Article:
Street Survival - Advanced Defensive Driving



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See handy points on the use of a vehicle's brakes below:


Thinking Distance:

  • This is the time taken to respond to a hazard.

  • 2 Second Rule. Get into the habit of keeping a 2 second distance between yourself and the vehicle ahead. See video for a practical tip on how to do so.

Stopping Distance:

  • Speed - The accompanying chart shows that every incremental unit of speed increase, results in an exponential increase in distance to stop.

  • Gross weight (including load) is directly proportional to the stopping distance.

  • Surface traction.

  • Leave enough space to stop at a distance behind an object to allow enough room to pull out from behind that object.

Defensive Controls Brakes
Defensive Controls Brakes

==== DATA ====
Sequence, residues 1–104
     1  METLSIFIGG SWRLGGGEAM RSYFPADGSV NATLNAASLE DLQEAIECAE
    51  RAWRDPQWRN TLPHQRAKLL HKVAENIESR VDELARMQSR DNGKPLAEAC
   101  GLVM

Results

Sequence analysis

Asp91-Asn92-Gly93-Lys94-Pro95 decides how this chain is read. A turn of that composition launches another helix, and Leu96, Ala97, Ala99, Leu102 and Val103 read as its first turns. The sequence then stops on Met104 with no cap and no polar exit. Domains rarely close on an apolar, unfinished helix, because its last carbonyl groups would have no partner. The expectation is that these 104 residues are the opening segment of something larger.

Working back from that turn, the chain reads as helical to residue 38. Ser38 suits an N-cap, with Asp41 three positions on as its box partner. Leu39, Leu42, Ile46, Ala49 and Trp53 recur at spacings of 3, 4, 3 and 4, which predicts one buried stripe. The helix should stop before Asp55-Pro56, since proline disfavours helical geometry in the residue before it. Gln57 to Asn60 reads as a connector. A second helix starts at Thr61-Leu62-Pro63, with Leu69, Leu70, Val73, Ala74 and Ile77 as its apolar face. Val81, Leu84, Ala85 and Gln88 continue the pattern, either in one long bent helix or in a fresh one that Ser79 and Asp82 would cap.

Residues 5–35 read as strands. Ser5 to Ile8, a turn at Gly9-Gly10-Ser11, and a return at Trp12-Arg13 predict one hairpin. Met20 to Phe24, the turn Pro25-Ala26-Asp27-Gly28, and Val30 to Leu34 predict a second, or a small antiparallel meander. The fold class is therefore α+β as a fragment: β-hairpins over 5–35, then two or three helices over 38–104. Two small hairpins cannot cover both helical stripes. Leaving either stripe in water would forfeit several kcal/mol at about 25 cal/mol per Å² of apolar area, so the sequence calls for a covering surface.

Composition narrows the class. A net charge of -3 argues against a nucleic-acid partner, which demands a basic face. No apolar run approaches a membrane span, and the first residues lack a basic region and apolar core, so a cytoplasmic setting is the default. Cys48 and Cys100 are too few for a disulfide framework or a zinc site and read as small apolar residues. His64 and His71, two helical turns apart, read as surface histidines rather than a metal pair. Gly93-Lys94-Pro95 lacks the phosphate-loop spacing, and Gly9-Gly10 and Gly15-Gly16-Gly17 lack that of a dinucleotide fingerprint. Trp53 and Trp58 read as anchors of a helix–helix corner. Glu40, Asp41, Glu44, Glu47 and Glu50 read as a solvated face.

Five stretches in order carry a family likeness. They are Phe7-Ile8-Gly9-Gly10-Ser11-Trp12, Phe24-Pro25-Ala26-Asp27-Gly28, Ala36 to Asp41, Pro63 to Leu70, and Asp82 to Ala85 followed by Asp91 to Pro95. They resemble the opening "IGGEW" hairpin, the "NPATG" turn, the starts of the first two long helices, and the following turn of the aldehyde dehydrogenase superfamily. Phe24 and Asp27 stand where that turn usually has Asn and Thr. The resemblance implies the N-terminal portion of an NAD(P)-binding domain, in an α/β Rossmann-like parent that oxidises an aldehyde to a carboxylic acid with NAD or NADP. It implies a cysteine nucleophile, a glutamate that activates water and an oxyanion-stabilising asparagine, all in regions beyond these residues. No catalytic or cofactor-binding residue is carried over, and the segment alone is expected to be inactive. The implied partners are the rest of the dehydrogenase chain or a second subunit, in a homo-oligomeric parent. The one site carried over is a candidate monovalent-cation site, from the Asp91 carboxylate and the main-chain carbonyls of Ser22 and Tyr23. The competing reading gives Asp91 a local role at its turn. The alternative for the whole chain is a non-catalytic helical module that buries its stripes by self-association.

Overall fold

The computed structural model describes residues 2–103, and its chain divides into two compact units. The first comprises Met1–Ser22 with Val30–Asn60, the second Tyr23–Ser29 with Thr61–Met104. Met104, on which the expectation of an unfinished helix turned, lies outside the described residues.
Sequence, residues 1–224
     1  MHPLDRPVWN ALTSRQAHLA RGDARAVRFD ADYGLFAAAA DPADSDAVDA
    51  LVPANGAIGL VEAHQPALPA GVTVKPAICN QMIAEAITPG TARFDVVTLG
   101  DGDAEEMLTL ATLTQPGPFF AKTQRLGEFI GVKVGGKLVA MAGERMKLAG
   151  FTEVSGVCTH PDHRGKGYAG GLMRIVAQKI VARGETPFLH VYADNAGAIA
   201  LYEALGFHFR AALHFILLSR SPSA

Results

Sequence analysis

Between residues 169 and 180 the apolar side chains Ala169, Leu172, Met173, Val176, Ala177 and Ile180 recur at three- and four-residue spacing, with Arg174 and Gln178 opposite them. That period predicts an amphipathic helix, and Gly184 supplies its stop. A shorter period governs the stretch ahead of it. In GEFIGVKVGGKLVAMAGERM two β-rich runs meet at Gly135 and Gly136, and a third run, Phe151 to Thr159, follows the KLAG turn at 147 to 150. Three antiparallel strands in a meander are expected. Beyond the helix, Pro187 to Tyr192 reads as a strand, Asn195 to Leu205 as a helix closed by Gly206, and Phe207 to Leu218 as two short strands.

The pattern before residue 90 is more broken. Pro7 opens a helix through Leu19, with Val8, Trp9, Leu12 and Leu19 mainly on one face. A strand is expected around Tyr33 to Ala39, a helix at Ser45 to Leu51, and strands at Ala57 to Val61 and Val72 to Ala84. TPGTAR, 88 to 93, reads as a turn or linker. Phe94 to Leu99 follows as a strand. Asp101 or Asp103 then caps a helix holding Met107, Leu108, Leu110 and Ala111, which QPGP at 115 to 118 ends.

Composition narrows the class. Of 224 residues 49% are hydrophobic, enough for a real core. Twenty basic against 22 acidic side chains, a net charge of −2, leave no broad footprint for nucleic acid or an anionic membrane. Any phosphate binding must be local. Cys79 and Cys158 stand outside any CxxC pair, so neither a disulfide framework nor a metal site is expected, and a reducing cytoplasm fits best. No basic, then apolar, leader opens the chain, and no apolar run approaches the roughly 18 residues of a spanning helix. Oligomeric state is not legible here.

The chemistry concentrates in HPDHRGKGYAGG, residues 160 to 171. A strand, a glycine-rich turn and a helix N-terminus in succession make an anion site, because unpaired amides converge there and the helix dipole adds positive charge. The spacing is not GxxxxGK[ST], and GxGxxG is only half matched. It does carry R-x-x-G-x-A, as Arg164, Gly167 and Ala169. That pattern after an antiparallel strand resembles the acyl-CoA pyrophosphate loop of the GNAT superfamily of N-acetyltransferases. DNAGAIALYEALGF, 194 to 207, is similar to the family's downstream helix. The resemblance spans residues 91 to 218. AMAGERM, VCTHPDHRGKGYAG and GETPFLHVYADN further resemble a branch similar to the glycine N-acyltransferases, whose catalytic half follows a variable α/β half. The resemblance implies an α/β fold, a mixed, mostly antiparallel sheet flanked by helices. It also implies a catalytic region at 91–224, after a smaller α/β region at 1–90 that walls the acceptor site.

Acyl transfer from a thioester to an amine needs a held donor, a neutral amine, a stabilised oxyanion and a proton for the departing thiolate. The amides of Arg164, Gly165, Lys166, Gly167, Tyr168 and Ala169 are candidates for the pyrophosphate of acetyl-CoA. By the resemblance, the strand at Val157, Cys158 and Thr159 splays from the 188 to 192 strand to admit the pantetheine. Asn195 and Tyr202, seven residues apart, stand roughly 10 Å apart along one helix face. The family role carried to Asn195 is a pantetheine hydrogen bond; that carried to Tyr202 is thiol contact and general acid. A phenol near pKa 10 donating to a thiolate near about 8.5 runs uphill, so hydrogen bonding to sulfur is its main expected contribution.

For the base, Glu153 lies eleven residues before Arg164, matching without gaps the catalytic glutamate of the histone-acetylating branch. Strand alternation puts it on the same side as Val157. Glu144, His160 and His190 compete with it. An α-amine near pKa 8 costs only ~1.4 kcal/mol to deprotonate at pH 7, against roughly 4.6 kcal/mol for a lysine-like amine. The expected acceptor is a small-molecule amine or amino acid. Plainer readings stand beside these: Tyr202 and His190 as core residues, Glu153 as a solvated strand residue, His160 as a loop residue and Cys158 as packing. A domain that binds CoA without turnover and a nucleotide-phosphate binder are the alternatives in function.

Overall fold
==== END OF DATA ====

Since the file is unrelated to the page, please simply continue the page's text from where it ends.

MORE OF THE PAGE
? What is cadence braking?

Cadence braking, also known as pumping the brakes, is a technique used when a vehicle equipped with conventional braking systems (non-ABS) experiences a loss of traction or wheel lock-up during braking. It involves rapidly applying and releasing pressure on the brake pedal in a rhythmic manner to maintain control and prevent the wheels from completely locking up.

Here's how cadence braking is typically performed:

  • Apply Firm Pressure: Begin by firmly applying pressure to the brake pedal with your foot. This initial application should be forceful but not to the point of locking up the wheels.

  • Release Brake Pressure: Once you feel the wheels approaching the point of lock-up or if they have already locked up, release the brake pedal completely. This allows the wheels to regain some traction.